A Brief History of Credit Unions
The first true credit unions were founded in Germany in the 1850s and 1860s. As the 20th century began, the credit union idea surfaced in Canada, where in 1900, Alphonse Desjardins organized a credit union in Levis, Quebec.
As in Germany 50 years earlier, people were poor, interest rates were financially crippling, and the credit union offered a way out.
That first Canadian credit union was incredibly small by modern standards. The first savings deposit was only 10 cents; the first collection from all the members totaled only $26.
Desjardins devoted a significant part of his life to credit union development in North America. He founded other credit unions, including the first one in the United States, in New Hampshire in 1909.
Filene discovered credit unions in a village in India in 1907. Filene had stopped in Calcutta and met a government official who took him into the countryside. There he first observed a village credit union in operation and was immediately interested. Back home again, he began reading about credit unions to strengthen his knowledge. The two men helped organize public hearings on credit union legislation in Massachusetts, leading to passage of the first state credit union act in 1909.
By 1934, credit unions and leagues recognized the need for a national organization. At a meeting at Estes Park, Colorado, the Credit Union National Association (CUNA) was formed as a confederation of state leagues.
When President Franklin D. Roosevelt signed the Federal Credit Union Act into law, the stated purpose was to “promote thrift and thwart usury.” ¹
¹ Source: Credit Union National Administration (CUNA.org)
In 1998, the banking industry wanted to limit credit unions’ ability to accept new groups of members. Credit unions were accepting new groups of members to accommodate the changes going on in their communities.
Banks attacked credit unions suing to prevent credit unions from accepting new groups of members. That lawsuit found its way to the U.S. Supreme Court, which interpreted the law in favor of banks.
Following the Supreme Court ruling, credit unions approached members of Congress and asked for the law to be changed to reflect our unique needs, and help us as we adapted to our changing communities.
Credit unions undertook this challenge in the face of a withering assault of bank propaganda aimed at influencing our elected Representatives and Senators.
Because of the response of the 70 (now 90) million credit union members affected by this legislation, the federal credit union statute was ultimately changed with implementation of House Resolution 1151 (known as HR 1151), the Credit Union Membership Access Act. It received an overwhelming vote of 411-8 in the House of Representatives and 92-6 in the U.S. Senate.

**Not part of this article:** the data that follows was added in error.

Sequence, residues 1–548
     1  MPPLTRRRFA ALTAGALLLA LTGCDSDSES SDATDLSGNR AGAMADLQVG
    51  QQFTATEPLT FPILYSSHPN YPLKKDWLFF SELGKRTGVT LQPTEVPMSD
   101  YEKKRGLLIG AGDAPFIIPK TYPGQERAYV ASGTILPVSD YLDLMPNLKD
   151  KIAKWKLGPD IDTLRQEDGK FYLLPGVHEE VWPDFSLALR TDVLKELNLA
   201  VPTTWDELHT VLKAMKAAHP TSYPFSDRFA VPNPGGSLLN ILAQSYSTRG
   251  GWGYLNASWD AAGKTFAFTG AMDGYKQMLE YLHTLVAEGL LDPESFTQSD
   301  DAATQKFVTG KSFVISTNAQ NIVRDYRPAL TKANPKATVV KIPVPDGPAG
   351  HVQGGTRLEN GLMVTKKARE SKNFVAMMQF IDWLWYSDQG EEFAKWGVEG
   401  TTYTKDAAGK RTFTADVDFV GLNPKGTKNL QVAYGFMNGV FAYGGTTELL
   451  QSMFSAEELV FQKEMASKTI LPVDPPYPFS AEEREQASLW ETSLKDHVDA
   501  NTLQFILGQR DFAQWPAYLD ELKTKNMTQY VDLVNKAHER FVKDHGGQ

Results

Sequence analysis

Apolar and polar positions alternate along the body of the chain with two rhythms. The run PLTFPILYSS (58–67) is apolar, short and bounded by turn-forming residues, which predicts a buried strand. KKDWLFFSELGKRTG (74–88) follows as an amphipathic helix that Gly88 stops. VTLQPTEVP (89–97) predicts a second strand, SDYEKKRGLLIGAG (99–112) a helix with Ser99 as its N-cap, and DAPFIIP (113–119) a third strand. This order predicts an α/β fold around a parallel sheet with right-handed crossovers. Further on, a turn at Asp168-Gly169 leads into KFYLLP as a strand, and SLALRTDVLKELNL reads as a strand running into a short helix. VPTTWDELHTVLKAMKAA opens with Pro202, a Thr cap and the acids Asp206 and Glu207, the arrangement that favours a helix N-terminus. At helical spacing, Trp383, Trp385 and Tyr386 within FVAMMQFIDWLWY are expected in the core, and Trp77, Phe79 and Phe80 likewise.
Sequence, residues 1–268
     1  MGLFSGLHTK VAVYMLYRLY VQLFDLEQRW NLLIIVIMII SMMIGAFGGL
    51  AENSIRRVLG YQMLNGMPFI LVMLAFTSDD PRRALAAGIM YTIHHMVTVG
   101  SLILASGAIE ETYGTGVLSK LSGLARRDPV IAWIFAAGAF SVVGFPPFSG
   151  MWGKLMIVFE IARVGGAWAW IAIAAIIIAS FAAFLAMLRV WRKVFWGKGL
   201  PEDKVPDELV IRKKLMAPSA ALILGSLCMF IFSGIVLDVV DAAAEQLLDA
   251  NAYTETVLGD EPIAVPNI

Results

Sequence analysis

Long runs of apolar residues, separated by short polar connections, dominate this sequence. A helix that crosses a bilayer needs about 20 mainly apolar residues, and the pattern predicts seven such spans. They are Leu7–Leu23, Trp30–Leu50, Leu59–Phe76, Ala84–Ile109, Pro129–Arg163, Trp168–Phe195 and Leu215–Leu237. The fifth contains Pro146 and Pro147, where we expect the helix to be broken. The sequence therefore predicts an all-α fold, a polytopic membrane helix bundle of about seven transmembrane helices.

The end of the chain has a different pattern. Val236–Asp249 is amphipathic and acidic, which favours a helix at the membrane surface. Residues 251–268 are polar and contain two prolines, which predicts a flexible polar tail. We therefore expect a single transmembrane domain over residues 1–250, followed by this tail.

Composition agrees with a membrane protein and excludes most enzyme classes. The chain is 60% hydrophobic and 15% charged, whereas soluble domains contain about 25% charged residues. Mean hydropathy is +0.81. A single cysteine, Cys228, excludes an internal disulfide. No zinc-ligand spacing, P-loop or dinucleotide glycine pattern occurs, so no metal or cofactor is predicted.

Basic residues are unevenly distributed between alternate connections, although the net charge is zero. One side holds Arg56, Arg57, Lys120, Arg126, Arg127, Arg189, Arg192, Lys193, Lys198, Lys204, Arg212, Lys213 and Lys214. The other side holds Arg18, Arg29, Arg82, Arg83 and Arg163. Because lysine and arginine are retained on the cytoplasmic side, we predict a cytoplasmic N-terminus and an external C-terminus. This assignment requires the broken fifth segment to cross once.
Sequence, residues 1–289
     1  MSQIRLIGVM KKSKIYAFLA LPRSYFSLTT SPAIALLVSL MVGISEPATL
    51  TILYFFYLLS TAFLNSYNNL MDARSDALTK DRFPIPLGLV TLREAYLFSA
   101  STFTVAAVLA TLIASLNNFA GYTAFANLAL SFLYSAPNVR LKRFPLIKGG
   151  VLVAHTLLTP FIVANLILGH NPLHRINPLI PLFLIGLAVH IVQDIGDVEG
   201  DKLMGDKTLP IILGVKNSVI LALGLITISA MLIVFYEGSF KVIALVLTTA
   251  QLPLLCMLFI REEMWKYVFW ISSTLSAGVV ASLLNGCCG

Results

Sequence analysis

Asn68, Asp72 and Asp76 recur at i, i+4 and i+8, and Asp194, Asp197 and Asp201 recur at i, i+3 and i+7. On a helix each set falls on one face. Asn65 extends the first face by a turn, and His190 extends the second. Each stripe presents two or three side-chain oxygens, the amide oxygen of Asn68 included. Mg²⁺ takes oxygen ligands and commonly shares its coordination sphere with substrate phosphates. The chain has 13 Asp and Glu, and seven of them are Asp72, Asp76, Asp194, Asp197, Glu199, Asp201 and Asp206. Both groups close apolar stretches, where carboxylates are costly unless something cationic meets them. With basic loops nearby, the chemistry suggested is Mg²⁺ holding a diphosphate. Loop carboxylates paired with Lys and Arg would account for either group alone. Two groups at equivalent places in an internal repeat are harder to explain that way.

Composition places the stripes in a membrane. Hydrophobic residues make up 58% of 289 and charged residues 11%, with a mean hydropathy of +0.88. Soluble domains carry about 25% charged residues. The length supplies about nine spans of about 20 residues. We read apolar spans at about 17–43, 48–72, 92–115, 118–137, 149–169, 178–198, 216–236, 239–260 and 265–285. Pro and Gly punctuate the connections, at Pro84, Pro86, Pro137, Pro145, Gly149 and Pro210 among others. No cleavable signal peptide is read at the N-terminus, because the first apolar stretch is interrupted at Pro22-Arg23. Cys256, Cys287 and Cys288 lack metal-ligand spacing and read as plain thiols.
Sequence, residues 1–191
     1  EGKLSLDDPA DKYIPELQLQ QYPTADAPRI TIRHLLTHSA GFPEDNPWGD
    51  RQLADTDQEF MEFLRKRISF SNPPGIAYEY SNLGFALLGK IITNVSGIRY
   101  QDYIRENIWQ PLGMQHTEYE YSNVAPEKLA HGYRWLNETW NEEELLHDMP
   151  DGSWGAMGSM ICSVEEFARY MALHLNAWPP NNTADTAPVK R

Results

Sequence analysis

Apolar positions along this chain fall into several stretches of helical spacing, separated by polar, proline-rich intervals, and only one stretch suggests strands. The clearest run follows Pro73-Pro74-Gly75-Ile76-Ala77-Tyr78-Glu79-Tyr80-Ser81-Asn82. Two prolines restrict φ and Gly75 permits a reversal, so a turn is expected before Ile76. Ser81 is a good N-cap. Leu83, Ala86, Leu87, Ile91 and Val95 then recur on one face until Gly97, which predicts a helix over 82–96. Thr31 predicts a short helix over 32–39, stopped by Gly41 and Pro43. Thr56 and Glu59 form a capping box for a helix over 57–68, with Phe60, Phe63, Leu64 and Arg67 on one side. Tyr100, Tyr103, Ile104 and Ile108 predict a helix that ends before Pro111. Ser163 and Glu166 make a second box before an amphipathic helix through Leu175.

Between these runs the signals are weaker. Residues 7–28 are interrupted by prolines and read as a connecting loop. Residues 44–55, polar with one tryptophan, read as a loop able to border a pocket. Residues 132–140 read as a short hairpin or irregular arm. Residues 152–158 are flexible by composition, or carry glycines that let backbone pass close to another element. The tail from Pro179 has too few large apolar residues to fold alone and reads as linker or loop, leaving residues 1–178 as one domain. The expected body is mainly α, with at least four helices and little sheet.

From the time it was filed, until the time it reached the President’s desk was sixteen weeks, a remarkably short time frame for Congressional action and an indicator of the broad base of support credit unions can muster when under attack.
Since then, the banking industry has continuously aimed their propaganda and their megabucks lobbying efforts at our elected legislators in an attempt to destroy credit unions as competition.
They have tried to convince our representatives that credit unions are too big, have outlived their usefulness, or are not true to their charters and pose unfair competition for the banks.
Larger credit unions such as SCCU, which have grown by continually providing value to their member-owners, are particular targets.
The banking lobby has mounted a full-scale assault against the modernization of some of the regulations affecting credit unions. For example, the bankers are trying to convince you and your elected representatives that credit unions should be governed by the Community Reinvestment Act (CRA), as are banks.
To fully understand the absurdity of the banking industry’s request, it is helpful to understand what CRA is and does.
Years ago, banks operated predatory deposit and lending practices, through which they would collect deposits from poorer communities and use them to invest in other, more affluent communities. This practice drained the resources of non-affluent communities and significantly impeded opportunities for growth and wealth building in those communities.
Several such practices, usually called “redlining”, went on for many years until the government stepped in and passed CRA, which requires banks to track the reinvestments being made in the communities in which they operate.
Having been repudiated, the banks are now claiming credit unions have an unfair advantage because we are not required to demonstrate how much we give back to the communities in which we operate.
The very nature of a credit union represents community reinvestment, since members wholly own their credit union. We reinvest in the community with every transaction and every decision. Our behavior is governed by our structure, not by a government dictate.
The specific subject of the banking industry’s current attack is not particularly important. What is important is to understand what is at stake: That if the banking industry has its way, credit unions will be subjected to a series of unnecessary legislative burdens, under the guise of “protecting the consumer”, all in hopes that by the time the 90 million Americans who depend on credit union services notice what is being done to them, it will be too late. Then, your member-owned option to profit-driven banks will have been legislated out of existence.
Thankfully, there are legislators who recognize the value that credit unions offer to their communities. SCCU, in partnership with the League of Southeastern Credit Unions, can provide you with the names of legislators who are known supporters of credit unions.